My defenses fell

Just checking in / staying accountable: my writer's block is broken, and the novel is progressing.


Two? Already?

Last night I realized that I had missed it. On 26 July 2011, I resurrected an old blog I had used to post sporadic drawings way back in high school. I gave myself a challenge: I was going to not only be consistent, I was going to put up a drawing every day. And though there are occasionally re-runs and drawings from the ancient high school past, I've pretty much met that goal for the past two years and a few days.

Happy second birthday, CrustaceanSingles.com. Let's see if you make it to three.

Thanks to everyone who's still reading, sharing it with friends and enemies, and not reporting me to the authorities. It means a lot to me.


There's a unit for that

The awk, however, didn't catch on in the United States, where scientists and laypeople still prefer to measure awkwardness in a unit called the Cera, after Michael Cera. One cera = 2.25 awks.


Life after decapitation

The best feature is the auto-pilot. I can smile, nod and even make small talk, all while secretly browsing wikipedia inside my head.


Getting your priorities straight

Mental Health
YOLO had been a good one, reflected the evil Dr. Vandertramp; it had really caught on and had made a satisfyingly huge number of people very angry. But it wouldn't last forever, so he sat at his desk with notebook and pen and tried his hardest to think of the next one. There were other ways to crumble civilization, of course, but this was his favorite one.


Let's try that again

That novel-length thing that I just won't shut up about has reached 125 notebook pages, and I have a pretty good idea of where it's going. I'm sorry I can't really show you any for now, because it's all hand-written and the act of typing it up will be the second draft.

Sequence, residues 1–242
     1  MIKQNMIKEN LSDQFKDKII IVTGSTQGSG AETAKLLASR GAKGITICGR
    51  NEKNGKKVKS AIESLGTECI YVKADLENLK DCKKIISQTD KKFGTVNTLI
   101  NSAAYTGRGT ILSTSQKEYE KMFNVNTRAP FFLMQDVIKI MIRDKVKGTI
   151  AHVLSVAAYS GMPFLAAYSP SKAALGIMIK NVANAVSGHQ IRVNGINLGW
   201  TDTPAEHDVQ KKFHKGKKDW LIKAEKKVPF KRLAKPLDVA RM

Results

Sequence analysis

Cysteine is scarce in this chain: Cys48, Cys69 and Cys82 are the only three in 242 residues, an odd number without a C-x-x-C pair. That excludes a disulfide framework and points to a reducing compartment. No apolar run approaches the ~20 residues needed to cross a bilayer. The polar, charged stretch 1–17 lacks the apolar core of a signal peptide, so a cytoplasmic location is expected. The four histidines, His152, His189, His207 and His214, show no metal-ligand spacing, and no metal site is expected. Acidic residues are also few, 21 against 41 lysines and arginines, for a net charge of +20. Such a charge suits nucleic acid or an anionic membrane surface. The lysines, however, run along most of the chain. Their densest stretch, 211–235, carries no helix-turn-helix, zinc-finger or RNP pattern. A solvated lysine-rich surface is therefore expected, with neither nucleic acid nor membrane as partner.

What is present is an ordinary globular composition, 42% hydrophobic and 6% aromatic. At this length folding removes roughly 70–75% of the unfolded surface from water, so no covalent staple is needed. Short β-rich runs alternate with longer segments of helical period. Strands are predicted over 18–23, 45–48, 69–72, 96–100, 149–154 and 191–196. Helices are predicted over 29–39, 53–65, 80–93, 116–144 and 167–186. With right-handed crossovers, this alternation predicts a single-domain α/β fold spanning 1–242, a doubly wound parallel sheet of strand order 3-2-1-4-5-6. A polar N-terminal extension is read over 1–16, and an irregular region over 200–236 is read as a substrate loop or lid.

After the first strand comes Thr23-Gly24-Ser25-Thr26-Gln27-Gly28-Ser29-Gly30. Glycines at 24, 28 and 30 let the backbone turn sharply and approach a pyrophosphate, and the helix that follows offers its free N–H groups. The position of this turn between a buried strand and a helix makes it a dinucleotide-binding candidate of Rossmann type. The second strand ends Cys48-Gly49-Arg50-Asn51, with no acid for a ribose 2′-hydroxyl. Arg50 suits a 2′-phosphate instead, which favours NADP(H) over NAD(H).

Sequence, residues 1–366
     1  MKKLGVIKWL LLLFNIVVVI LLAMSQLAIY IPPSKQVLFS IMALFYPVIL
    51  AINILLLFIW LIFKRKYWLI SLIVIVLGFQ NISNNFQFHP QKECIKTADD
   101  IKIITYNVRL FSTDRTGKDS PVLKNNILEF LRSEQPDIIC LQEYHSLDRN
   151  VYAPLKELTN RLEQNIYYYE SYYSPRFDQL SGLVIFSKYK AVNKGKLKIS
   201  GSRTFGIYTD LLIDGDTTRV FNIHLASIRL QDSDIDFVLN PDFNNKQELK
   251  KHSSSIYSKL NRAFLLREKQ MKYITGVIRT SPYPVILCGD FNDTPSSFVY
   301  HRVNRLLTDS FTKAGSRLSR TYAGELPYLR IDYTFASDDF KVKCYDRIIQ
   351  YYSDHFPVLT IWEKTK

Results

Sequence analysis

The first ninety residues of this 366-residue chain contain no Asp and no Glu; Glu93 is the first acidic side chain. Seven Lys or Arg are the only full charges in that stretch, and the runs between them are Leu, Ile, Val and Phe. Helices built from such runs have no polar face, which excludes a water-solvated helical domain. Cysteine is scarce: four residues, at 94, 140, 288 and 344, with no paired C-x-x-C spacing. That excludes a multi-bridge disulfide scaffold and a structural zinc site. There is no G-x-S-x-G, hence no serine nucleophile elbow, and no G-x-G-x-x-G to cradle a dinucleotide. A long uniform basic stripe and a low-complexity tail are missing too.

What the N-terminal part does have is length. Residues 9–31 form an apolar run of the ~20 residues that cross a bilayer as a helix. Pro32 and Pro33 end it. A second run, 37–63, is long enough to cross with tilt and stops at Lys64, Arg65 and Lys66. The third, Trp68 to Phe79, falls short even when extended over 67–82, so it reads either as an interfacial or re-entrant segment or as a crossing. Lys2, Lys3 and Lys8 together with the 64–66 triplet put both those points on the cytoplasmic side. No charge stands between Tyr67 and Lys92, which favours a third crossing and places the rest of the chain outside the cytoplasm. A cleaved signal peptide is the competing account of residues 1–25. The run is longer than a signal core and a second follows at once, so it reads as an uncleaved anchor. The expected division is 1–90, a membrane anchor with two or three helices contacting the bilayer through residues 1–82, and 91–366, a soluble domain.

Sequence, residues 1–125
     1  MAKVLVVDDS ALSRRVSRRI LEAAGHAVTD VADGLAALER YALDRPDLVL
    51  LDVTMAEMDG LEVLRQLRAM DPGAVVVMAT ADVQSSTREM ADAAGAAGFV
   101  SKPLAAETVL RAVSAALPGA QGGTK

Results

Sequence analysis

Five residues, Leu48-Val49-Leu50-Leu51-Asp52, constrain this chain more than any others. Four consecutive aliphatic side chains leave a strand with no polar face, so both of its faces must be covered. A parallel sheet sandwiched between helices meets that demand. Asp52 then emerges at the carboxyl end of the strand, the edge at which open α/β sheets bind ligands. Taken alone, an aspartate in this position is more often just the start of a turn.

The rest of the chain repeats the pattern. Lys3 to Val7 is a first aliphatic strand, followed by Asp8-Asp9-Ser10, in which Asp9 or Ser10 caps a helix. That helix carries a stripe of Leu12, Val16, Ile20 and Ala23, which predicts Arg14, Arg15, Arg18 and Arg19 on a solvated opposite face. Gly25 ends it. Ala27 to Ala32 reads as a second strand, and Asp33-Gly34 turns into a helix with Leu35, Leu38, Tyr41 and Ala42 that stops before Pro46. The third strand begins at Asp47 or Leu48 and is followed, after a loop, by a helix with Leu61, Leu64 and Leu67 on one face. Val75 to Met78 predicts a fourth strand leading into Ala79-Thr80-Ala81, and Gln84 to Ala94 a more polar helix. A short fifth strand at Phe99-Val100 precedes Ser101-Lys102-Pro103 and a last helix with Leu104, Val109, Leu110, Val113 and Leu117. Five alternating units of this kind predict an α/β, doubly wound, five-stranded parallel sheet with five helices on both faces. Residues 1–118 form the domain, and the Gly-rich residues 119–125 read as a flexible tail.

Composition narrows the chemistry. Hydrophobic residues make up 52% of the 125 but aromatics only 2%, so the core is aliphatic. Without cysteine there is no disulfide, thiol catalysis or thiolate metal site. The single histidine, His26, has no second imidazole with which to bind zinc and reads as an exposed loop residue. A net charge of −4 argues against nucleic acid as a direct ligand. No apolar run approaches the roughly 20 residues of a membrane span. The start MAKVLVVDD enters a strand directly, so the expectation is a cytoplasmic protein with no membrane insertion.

You weren't there, man

In other news, writing a novel takes a long time. I'm much sorrier for that than you are, because this is testing the upper limits of my attention span and follow-through. The good news is, there is a story, and it wants to be told.


I heap French scorn upon you

In addition to all the other nonsense I'm doing these days, I've been working with the distinguished Dr. Olivier on a book for French learners, entitled What the French? This is one of many illustrations it will contain. We're hoping to come out with it in about a month, so stay tuned, francophiles (all three of you).


From long ago

"It was one of those mornings where you wake up with snakes biting your face"
This re-run is brought to you by 2005, which was a pretty crazy year.


We've reached a decision

Dear friends and enemies who are eagerly awaiting the novel I'm writing that you just found out existed:
I had my doubts that this would work out; I usually come up with a big idea, start it, realize how much work it will be, and then give up. But I've reached ninety handwritten notebook pages, unmanageable numbers of notecards, and a pretty good idea of where the plot is going. I can't really post anything yet, because it's all in my illegible writing...but I'll probably type up a short extract again soon. Anyway, that's what I'm doing instead of writing mental health entries these days.